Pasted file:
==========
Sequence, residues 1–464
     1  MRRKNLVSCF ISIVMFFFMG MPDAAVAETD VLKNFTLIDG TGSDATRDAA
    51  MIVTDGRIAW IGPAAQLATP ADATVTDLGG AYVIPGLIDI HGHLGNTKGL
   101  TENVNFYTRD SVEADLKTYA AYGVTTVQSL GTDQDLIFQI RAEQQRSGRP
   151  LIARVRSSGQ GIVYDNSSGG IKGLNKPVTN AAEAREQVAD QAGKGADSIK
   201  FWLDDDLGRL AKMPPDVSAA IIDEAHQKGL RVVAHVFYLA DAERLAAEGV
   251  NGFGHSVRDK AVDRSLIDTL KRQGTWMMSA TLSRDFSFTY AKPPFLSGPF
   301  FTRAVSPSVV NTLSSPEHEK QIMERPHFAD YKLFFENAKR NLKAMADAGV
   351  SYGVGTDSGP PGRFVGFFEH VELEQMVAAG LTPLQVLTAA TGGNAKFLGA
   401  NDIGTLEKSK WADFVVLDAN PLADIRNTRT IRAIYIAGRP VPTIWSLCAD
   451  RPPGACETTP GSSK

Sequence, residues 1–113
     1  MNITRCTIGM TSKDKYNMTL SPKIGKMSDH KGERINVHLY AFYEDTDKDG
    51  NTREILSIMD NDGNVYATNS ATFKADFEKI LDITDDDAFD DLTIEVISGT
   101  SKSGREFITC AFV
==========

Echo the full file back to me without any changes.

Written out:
Sequence, residues 1–464
     1  MRRKNLVSCF ISIVMFFFMG MPDAAVAETD VLKNFTLIDG TGSDATRDAA
    51  MIVTDGRIAW IGPAAQLATP ADATVTDLGG AYVIPGLIDI HGHLGNTKGL
   101  TENVNFYTRD SVEADLKTYA AYGVTTVQSL GTDQDLIFQI RAEQQRSGRP
   151  LIARVRSSGQ GIVYDNSSGG IKGLNKPVTN AAEAREQVAD QAGKGADSIK
   201  FWLDDDLGRL AKMPPDVSAA IIDEAHQKGL RVVAHVFYLA DAERLAAEGV
   251  NGFGHSVRDK AVDRSLIDTL KRQGTWMMSA TLSRDFSFTY AKPPFLSGPF
   301  FTRAVSPSVV NTLSSPEHEK QIMERPHFAD YKLFFENAKR NLKAMADAGV
   351  SYGVGTDSGP PGRFVGFFEH VELEQMVAAG LTPLQVLTAA TGGNAKFLGA
   401  NDIGTLEKSK WADFVVLDAN PLADIRNTRT IRAIYIAGRP VPTIWSLCAD
   451  RPPGACETTP GSSK

Sequence, residues 1–113
     1  MNITRCTIGM TSKDKYNMTL SPKIGKMSDH KGERINVHLY AFYEDTDKDG
    51  NTREILSIMD NDGNVYATNS ATFKADFEKI LDITDDDAFD DLTIEVISGT
   101  SKSGREFITC AFV